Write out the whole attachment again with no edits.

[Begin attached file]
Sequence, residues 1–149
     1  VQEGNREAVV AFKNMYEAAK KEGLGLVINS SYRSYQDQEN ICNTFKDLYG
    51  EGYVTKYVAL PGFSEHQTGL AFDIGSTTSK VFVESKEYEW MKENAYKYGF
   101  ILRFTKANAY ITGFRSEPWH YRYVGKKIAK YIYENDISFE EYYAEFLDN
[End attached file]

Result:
Sequence, residues 1–149
     1  VQEGNREAVV AFKNMYEAAK KEGLGLVINS SYRSYQDQEN ICNTFKDLYG
    51  EGYVTKYVAL PGFSEHQTGL AFDIGSTTSK VFVESKEYEW MKENAYKYGF
   101  ILRFTKANAY ITGFRSEPWH YRYVGKKIAK YIYENDISFE EYYAEFLDN